Joe Rogan and Spotify spark conversation about regulation, misinformation

Courtesy to GVSU

Courtesy to GVSU

This past week has seen calls from well-known musical artists for Spotify to actively regulate the content they publish on their platform. 

Joe Rogan is a celebrity podcaster who covers politics, economics and healthcare. Throughout the COVID-19 pandemic, Rogan has framed himself as an authority on alternative, non-mainstream medicine. He’s downplayed the severity of the virus, promoted untested treatments and questioned the safety of vaccines. “The Joe Rogan Experience,” a Spotify-exclusive podcast, is Rogan’s primary platform. 

Recently, artists like Neil Young and Joni Mitchell have removed their music from Spotify. Several other musicians and public figures have demanded that Spotify regulate Rogan’s podcast, instead of giving him an open platform to spread misinformation. 

Later in the week, videos of Rogan using racial slurs were circulated around social media. Another video involved Rogan comparing a Black neighborhood to a “Planet of the Apes” movie. Since then, Spotify has removed over 70 episodes from their platform.  

As Spotify said in a public statement, they don’t want to be censoring artists— nor should they. No institution should be silencing voices on the basis of opinion or potential obscenity. But when social media and other tech platforms play large roles in public crises, it begs the periodic question as to whether or not the tech industry itself should be more heavily regulated. 

Former president Donald Trump was able to freely proliferate his disproven claims of election fraud across Facebook and Twitter, before the companies themselves made the autonomous decision to remove his content. However, that came after Trump incited the Jan. 6 insurrection, which resulted in the bodily harm of capitol police, destruction of public property and death threats against elected officials.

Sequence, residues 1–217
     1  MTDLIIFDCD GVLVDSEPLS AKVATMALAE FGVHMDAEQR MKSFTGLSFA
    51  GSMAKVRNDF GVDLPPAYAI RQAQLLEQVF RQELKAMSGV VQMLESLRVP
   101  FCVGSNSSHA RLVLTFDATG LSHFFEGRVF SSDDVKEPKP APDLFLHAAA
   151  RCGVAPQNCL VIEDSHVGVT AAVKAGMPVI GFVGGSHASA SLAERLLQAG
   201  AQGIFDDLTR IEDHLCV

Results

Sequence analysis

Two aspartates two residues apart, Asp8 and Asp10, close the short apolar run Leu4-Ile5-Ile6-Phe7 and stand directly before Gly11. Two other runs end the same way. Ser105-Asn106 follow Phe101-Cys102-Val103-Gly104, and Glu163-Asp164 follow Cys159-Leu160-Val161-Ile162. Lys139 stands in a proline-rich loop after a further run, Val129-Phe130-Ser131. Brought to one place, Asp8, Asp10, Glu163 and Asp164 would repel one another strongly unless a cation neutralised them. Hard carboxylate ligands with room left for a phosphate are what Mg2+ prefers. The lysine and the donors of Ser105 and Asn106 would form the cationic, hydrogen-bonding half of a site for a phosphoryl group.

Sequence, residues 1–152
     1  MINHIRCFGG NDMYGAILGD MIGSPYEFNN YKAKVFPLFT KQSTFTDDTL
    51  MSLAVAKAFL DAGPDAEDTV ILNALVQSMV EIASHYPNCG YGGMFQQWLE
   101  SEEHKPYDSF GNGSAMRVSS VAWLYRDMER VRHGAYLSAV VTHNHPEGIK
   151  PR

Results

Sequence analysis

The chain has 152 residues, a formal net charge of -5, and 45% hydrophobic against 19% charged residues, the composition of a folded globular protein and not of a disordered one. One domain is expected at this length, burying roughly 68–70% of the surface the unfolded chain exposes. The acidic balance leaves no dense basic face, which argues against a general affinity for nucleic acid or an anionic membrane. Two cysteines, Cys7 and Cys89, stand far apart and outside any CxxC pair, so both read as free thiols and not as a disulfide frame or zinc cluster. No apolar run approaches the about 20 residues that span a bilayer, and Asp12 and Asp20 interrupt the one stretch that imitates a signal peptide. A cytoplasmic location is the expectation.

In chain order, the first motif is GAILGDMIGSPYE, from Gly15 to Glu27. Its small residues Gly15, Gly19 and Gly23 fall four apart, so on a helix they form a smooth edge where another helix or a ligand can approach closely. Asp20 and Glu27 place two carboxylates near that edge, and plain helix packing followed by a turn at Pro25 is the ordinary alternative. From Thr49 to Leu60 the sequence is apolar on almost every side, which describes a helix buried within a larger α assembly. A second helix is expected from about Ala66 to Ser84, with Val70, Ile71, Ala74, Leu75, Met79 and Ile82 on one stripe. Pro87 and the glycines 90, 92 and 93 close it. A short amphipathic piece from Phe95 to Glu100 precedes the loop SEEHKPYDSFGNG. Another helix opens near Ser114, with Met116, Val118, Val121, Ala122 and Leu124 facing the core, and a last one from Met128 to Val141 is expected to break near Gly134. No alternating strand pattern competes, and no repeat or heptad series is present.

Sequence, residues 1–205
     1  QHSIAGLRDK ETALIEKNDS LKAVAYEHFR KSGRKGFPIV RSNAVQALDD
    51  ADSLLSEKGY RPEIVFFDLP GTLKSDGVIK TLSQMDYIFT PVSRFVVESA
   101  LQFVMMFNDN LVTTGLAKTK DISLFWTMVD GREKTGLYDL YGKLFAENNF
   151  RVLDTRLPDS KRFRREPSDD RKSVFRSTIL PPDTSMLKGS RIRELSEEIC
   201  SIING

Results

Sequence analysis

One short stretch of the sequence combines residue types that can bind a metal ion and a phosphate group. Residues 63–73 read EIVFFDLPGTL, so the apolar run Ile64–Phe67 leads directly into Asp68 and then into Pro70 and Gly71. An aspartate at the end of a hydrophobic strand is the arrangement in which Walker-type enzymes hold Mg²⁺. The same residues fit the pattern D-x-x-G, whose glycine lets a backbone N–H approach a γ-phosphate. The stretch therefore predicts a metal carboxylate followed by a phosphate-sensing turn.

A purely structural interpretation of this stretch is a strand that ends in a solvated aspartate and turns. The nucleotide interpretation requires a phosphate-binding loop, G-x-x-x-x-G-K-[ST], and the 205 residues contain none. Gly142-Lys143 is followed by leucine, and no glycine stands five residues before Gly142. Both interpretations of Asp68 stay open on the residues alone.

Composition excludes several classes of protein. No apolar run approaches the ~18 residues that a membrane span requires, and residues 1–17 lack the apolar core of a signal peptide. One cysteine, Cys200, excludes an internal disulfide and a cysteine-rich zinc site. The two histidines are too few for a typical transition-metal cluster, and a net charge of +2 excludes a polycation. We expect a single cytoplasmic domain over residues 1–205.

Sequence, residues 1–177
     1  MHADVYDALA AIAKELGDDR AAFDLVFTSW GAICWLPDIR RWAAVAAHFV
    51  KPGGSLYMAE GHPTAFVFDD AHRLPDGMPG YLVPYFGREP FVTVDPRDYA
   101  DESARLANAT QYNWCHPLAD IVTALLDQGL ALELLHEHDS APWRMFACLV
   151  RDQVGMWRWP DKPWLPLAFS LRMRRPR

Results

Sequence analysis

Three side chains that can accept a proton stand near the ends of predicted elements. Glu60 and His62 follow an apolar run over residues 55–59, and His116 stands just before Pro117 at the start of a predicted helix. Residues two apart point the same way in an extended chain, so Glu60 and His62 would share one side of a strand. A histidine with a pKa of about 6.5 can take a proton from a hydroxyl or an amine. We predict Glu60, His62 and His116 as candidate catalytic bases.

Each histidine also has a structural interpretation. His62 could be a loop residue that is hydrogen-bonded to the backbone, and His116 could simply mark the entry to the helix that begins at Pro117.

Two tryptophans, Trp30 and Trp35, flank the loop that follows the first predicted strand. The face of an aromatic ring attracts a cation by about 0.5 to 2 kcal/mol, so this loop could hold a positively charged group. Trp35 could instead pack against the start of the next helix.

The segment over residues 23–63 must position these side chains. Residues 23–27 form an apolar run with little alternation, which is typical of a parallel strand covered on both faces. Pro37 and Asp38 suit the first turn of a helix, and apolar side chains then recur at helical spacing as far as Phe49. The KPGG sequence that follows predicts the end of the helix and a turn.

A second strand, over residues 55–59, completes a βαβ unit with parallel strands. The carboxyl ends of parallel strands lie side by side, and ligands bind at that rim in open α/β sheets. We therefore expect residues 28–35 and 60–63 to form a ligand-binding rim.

While Rogan’s claims haven’t incited violence, his podcast still poses a public threat. He continually questions the effectiveness of the COVID-19 vaccines and advocates for untested medical alternatives. At this point, Spotify is in the same situation that Facebook and Twitter found themselves in. While the tech industry remains largely unregulated, the impetus lies on Spotify to regulate themselves 

Besides busting up monopolies, public policy should address the fact that Spotify and Facebook have indirectly contributed to the severity of the pandemic as a public health crisis by being a mechanism with which to spread misinformation.

Despite the best efforts of the Trump administration to politicize it, the pandemic is not a political issue. Regulating content for political opinion — removing content that’s framed as too progressive, or too conservative — is fraught with obstacles. Similarly, the discussion around censoring obscenity is muddied and complex. Trying to determine what is and isn’t acceptable to say in public spaces is a difficult and frustrating process. 

However, vetting medical misinformation is, while challenging and resource-intensive, fairly straightforward. Making false claims, deliberately contradicting the results of diligent scientific research, is not the same as vocally leaning right or left. Public health is not an amorphous space of opinion or debate; while scholarship is an involved process, there are, for the most part, distinct rights and wrongs. 

At the Lanthorn, we are familiar with concepts like framing, agenda setting and the issue of censorship. We care deeply about the protections of the first amendment. Above all, we know that our work has the potential to influence the decisions our readers make and the conversations that are had in our community. We take this charge seriously and carefully check the information published in our paper. 

While members of the GVSU community are welcome to share their options and perspectives on our platform, there is no tolerance for disinformation at the Lanthorn; and we would like to see other, bigger platforms adopt that policy.